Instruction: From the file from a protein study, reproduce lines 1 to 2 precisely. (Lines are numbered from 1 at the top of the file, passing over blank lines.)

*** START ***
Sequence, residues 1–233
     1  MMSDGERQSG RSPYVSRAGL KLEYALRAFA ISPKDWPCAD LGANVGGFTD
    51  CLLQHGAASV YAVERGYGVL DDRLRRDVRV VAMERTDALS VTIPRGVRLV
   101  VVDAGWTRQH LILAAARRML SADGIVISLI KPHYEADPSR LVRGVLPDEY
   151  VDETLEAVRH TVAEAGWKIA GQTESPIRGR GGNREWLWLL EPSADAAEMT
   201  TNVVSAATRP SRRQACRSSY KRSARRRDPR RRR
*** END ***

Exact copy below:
Sequence, residues 1–233
     1  MMSDGERQSG RSPYVSRAGL KLEYALRAFA ISPKDWPCAD LGANVGGFTD